David Ungar

Co-created the SelfLanguage and devised many advances in GarbageCollection algorithms and dynamic (runtime) compilation.

See also UngarMethod


Outline of OOPSLA2003 presentation (a note taker said last 4 paradoxes were left to discuss over beer)

Seven Paradoxes of Object-Oriented Programming Languages

Wednesday, 29 October — 8:30-10:00

David Ungar, Sun Microsystems

Although many of us have worked to create good object-oriented programming languages, it would be hard to say (with a straight face) that any of our creations have totally succeeded. Why? I believe that this endeavour is essentially paradoxical. Thus, whenever a language designer pursues a particular goal and loses sight of the lurking paradox, the outcome is an all too often fatally flawed result. One way to think about this is to explore the following seven paradoxes:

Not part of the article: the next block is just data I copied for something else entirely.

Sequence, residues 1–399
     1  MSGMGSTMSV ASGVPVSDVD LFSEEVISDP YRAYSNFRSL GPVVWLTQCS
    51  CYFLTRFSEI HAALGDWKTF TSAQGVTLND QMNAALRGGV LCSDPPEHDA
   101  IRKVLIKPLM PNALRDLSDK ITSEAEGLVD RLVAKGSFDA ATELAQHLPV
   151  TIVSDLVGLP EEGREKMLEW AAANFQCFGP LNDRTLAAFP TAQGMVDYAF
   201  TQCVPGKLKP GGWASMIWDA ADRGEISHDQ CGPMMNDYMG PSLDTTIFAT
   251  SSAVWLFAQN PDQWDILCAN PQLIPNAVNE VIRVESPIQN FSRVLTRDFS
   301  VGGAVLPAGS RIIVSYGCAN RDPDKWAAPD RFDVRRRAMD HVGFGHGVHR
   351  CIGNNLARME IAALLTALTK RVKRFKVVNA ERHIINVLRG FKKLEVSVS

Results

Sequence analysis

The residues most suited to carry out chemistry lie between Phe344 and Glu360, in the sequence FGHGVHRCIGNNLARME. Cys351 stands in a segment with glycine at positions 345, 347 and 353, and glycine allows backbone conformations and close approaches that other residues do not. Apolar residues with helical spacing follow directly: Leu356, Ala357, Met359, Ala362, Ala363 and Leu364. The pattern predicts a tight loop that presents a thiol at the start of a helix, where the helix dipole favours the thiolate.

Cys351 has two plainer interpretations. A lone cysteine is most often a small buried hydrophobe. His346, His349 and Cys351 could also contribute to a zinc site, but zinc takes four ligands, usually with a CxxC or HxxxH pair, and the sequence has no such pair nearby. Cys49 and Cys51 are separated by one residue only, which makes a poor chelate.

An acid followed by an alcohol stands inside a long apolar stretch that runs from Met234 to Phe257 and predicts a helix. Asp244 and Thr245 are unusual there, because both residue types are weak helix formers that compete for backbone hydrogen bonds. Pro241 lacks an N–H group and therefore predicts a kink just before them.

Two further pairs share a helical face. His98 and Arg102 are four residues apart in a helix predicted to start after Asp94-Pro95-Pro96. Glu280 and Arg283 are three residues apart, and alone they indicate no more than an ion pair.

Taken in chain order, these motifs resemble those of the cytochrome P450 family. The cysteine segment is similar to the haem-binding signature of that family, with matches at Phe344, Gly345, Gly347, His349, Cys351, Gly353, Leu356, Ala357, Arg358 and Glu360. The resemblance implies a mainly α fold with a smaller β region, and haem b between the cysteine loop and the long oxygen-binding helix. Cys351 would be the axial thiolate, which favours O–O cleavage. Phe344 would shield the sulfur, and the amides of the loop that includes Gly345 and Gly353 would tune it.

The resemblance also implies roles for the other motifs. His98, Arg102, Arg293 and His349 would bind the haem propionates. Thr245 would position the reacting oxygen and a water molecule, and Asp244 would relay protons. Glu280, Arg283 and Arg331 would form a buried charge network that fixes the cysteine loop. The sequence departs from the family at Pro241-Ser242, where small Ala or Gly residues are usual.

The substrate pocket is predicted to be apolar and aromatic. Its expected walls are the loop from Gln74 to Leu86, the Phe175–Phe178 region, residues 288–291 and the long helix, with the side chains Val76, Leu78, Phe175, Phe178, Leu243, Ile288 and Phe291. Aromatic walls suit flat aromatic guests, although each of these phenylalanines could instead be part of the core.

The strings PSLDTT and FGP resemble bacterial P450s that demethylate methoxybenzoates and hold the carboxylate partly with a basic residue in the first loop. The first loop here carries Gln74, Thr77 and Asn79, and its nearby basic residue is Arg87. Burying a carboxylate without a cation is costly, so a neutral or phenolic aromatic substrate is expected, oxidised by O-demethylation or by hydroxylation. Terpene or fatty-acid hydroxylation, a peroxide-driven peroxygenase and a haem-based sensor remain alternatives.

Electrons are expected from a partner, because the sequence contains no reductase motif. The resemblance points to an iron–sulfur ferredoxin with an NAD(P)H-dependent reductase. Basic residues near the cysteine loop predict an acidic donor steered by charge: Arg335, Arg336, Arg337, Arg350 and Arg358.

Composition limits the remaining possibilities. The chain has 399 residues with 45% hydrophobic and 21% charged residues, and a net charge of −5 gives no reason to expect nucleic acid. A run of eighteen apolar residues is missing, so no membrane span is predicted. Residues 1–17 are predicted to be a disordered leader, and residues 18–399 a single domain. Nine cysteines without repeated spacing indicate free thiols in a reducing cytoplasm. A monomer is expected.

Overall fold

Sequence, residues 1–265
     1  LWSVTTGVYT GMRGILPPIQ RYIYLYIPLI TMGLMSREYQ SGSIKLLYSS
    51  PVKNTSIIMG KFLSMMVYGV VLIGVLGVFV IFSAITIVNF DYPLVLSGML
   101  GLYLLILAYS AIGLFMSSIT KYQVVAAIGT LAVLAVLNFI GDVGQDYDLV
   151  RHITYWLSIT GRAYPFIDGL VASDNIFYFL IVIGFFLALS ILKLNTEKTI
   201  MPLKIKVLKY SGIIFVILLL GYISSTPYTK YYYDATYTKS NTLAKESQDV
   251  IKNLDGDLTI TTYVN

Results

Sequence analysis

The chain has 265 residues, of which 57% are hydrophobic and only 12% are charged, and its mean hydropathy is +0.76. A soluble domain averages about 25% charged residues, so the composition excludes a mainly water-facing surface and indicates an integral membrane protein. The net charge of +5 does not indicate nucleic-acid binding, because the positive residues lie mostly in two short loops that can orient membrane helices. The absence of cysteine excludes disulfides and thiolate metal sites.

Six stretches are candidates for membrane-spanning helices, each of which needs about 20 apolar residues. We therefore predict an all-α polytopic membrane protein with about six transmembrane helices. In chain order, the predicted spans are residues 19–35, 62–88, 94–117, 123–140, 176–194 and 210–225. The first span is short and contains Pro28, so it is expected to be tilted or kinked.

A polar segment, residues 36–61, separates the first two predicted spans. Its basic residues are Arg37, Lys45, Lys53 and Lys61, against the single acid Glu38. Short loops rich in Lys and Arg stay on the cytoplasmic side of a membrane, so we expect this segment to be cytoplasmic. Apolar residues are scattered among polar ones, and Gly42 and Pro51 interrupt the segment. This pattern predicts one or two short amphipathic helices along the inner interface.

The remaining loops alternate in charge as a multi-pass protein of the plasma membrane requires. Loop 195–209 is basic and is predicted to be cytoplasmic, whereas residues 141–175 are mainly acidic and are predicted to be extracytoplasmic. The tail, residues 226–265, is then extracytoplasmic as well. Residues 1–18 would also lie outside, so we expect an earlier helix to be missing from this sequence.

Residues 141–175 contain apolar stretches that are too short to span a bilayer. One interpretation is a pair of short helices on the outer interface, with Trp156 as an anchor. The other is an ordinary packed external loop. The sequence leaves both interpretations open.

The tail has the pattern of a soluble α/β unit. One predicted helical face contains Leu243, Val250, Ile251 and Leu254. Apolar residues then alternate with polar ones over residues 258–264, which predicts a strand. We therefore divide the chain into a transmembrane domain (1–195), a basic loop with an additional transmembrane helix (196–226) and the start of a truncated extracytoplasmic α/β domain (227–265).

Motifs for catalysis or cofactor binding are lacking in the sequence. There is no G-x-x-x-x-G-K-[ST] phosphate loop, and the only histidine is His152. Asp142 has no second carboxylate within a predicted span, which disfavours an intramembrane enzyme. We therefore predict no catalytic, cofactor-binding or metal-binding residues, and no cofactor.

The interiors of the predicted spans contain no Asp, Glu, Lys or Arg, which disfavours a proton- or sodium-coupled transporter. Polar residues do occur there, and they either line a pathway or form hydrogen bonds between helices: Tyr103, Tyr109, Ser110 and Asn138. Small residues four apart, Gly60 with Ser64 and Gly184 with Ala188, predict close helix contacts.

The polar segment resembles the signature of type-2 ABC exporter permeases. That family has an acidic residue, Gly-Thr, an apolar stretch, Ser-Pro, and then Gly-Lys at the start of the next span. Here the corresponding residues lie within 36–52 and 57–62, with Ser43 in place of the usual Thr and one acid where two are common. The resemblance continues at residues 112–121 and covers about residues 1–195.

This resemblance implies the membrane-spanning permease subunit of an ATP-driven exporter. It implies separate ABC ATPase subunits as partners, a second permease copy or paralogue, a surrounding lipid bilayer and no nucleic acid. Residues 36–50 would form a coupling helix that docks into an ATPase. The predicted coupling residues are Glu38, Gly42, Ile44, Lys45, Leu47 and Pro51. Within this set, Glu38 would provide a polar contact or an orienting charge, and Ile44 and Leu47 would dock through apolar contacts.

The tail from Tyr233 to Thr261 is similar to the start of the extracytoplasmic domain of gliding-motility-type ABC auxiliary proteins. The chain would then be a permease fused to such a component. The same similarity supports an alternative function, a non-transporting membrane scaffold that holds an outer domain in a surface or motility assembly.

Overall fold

Many of these assertions seem nonsensical, misguided, or just plain wrong. Yet, a deeper understanding of these paradoxes can point the way to better designs for object-oriented programming languages.

EditText of this page (last edited June 18, 2013) or FindPage with title or text search